The last item that you need to prepare, serve and file is a certificate of perfection.  A certification of perfection is essentially a certificate in which you state to the court that all the documents that were needed to be filed for your appeal (to be heard) you have filed those documents with the court and then you provide the contact information of all of the other relevant parties—their names; phone numbers; addresses; names of lawyers; their phone numbers and addresses.  You provide that in the certificate of perfection. You serve the certificate of perfection on all relevant parties and then you file it with proof of service.

Once you have submitted all of these documents with the court and paid the fee for the perfection of your appeal, then your appeal is perfected. You will be receiving a date from the court as regards to when your appeal will be heard.

Again we emphasize that you should carefully review each step that you need to take with respect to perfecting your appeal. Make sure you follow the timelines. With respect to timelines, I do have a comment regarding the perfection of the appeal.  Generally speaking, the timeline for perfecting the appeal is not followed stringently by the court.  If you, for some reason, have delayed perfecting the appeal by a few days it may not be a big deal because the Registrar will still accept your documents for perfection—even after the deadline—as long as your appeal is not dismissed by the Registrar.  But for the Registrar to dismiss your appeal the Registrar will send you a notice in writing and give you a certain time to perfect the appeal. Generally speaking the timeline for perfecting is not that stringent—that is not to say that you should take it lightly.  You should always try to comply with the timelines.  This is just for your knowledge that if you for some reason, are unable to perfect it in the time period that is outlined earlier, you may have some opportunity to still perfect your appeal.  You can also have the consent of all parties regarding some delay with perfecting an appeal.  Once you have that consent that will also allow you to perfect your appeal a bit later.  You also want to make sure that you review the Rules of Civil Procedure, the Practice Directions and the relevant statutes so that your appeal is perfected properly.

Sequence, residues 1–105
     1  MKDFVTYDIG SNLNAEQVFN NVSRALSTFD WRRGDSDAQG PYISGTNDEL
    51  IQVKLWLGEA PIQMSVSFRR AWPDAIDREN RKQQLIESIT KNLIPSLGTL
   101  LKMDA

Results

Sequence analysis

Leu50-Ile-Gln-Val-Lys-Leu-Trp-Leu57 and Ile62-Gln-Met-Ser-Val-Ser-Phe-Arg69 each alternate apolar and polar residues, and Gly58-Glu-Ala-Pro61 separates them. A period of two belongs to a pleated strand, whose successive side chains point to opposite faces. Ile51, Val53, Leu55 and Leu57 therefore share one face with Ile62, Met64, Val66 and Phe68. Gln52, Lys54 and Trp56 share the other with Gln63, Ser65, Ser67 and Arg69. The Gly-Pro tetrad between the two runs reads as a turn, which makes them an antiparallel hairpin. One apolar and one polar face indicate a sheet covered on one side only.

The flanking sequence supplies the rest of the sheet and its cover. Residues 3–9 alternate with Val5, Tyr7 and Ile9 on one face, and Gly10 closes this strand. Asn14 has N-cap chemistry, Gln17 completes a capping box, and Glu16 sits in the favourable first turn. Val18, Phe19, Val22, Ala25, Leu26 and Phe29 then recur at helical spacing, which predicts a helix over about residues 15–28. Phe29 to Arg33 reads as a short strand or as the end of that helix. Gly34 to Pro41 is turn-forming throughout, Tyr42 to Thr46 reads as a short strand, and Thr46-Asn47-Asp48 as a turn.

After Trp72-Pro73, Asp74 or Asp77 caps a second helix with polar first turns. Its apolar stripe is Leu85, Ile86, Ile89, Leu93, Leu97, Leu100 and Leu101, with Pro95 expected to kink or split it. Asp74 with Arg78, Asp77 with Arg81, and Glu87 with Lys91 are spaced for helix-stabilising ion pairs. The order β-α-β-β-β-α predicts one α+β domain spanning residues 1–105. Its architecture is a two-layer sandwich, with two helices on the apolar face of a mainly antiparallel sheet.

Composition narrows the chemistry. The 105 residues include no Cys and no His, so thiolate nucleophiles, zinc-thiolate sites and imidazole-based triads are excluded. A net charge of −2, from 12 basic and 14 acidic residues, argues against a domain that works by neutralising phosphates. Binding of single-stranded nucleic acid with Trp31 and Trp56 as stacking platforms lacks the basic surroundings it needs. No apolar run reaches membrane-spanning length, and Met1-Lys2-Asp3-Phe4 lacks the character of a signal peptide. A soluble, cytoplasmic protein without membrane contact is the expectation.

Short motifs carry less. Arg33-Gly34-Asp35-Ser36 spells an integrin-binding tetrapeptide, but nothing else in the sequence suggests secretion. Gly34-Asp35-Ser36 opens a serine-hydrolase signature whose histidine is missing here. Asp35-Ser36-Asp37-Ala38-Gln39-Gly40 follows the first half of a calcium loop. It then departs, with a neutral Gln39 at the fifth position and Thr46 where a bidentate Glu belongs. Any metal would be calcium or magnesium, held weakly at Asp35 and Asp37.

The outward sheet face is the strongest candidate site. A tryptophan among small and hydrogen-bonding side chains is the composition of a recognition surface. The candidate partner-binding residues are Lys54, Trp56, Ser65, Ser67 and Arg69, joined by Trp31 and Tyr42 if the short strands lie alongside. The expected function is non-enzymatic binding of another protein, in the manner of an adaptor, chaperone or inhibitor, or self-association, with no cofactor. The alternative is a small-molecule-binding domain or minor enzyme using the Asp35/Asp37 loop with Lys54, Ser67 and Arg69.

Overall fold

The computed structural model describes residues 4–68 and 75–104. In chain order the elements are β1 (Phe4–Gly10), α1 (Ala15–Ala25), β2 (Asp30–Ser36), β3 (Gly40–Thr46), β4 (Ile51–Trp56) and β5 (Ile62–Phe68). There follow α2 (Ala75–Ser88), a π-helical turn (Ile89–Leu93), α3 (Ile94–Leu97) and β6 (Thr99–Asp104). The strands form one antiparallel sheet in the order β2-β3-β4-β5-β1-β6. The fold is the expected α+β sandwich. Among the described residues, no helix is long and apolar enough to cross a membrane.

Thank-you for watching.